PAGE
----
However, don’t count out the defending champion Gore-Gore Rollergirls. Exhibiting the same tenacity that won them the Beast last year, the Gores have clawed and fought their way to first overall in the ToRD standings in a season where there doesn’t seem to be much separating the teams.

Rideau Valley’s Prime Sinisters debuted at the Beast last season and got noticeably better as the tournament progressed (losing narrowly in the quarters to eventual finalists, Casse-Gueules) eventually using that tournament as a launching point to winning the RVRG house league championship.

Finally, Roller Derby Quebec’s Casse-Guelles and Rouge at Gore have managed to slip under the radar for the last two seasons and turned heads with thrilling performances: they won’t have the element of surprise in 2015 and, indeed, should both be seen as potential contenders for the tournament.

This is the fourth appearance for the Tramps, but the first since 2011.

This is the fourth appearance for the Tramps, but the first since 2011 (Photo by Joe Mac).


With past dark horses like Roller Derby Quebec’s teams and Durham’s Atom Smashers establishing themselves as solid competitors (the Smashers won the 2015 Winter Wipeout, a Beast-style tournament), this year’s potential surprises may be harder to see. So I’m looking to two returning teams as potential troublemakers: Tri-City’s Venus Fly Tramps and Total Knock Outs. Both have histories at the tournament but haven’t appeared since 2011 and 2013 respectively. Only one Tri-City team has ever podiumed (2012 champs Vicious Dishes), so this established league is due for another strong showing.


Every year it seems more and more futile to try to establish picks for the tournament, but that doesn’t stop derby prognosticators from trying (and last year, I did managed to pick six of the eight quarterfinalists, which provides undoubtedly false confidence).

Look for possibly two Montreal teams to advance in Les Filles du Roi and Les Contrabanditas (though the Ditas could be in tough against the TKOs for that final spot), with ToRD (The Gore-Gore Rollergirls, Death Track Dolls) and RDQ (Casse-Gueules, Rouge et Gore) sending through two as well. That leaves only two spots open, one for RVRG’s Prime Sinisters and the last for Tri-City’s Venus Fly Tramps. In three previous appearances, the Tramps have failed to advance beyond the opening round (the only Tri-City team that has yet to do so), look for that to change this year.

However, take these predictions with a grain of salt. One thing that you can always guarantee at the Beast is that somewhere along the line, your bracket will be busted.

Nerd Glasses

**The Beast takes place at Arena St. Louis. Full weekend and daily passes are available here.

**Sadly, this year’s Beast will not be boutcast. But follow The Derby Nerd on Facebook and Twitter for updates throughout the event.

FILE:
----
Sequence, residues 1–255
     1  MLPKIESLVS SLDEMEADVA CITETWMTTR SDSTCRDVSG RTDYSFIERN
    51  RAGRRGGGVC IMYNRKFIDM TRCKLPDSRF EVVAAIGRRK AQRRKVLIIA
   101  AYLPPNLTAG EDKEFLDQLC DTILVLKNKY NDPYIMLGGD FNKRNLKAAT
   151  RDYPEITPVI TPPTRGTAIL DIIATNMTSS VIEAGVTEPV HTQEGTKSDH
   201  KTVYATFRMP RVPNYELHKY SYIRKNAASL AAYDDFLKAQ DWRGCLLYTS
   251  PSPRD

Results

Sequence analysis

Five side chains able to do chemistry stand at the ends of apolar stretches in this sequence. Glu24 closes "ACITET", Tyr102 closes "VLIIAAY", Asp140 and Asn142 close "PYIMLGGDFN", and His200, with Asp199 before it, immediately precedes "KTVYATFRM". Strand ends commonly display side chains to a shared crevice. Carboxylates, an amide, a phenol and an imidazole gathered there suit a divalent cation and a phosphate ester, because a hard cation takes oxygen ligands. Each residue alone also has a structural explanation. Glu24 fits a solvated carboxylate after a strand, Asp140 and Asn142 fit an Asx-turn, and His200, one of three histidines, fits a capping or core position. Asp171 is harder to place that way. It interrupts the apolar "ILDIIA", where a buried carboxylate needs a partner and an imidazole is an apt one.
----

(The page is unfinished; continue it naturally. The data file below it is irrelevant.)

Beast of the East: 2008-2014

To get ready for the 2015 Beast of the East, take a look back at the history of the tournament.

Beast 15 BannerBeast of the East: By the Numbers





2008 Hamilton Harlots (HCRG) La Racaille (MTLRD) Les Filles du Roi / Les Contrabanditas (MTLRD)
2009 La Racaille Les Contrabanditas Les Filles du Roi / Smoke City Betties (ToRD)
2010 Les Filles du Roi La Racaille Les Contrabanditas
2011 Slaughter Daughters (RVRG) Gore-Gore Rollergirls (ToRD) Death Track Dolls (ToRD)
2012 Vicious Dishes (TCRD) Slaughter Daughters Chicks Ahoy! (ToRD)
2013 Slaughter Daughters La Racaille Death Track Dolls
2014 Gore-Gore Rollergirls Casse-Gueules (RDQ) La Racaille

Hamilton Harlots won the first Beast of the East in 2008. (Photo by Derek Lang; AKA: Bagelhot)

NOTABLE NUMBERS (Records etc.)

Wins: 25 (La Racaille 2008-2014); La Racaille has the most podiums (1 champ, 3 runners up, 1 third place)

Points Per Game (tournament): 110 (Death Track Dolls 2013)/ 109.5 (Slaughter Daughters 2013) / 102.5 (La Racaille 2013)

Points Against (tournament): 9 (Les Filles du Roi, 2010)

Most Points (single game–20 mins): 159 (Rouge et Gore 2013) / 148 (Les Contrabanditas 2011)

Combined Points (single game–20 mins): 184 (Rouge et Gore 159 vs. Debutantes 32 2013)/ 181 (La Racaille 117 vs. Contrabanditas 64 2013)

Biggest Differential: 148 (Les Contrabanditas 148 vs. Chrome Mollys [GTAR] 0, 2011)

[*The Gore-Gore Rollergirls were the first team to score 100 points in a bout–a 103-11 victory over Capital Carnage in 2009; Les Filles du Roi did it vs. the Vicious Dishes in 2010; four different teams accomplished it in 2011; the Vicious Dishes did it three times themselves in 2012, while three other teams did it that year as well. Since then, it has become common].

[*2012 was the first time both finalists (Vicious Dishes, Slaughters Daughters) lost a game on the way to the finals]


(BOE 8: 2015 participants first)

Team League BOE Record Notes
thames-fatales-logoThames Fatales FCDG 7 – 13 Eighth appearance. Quarter final in 2010, 13.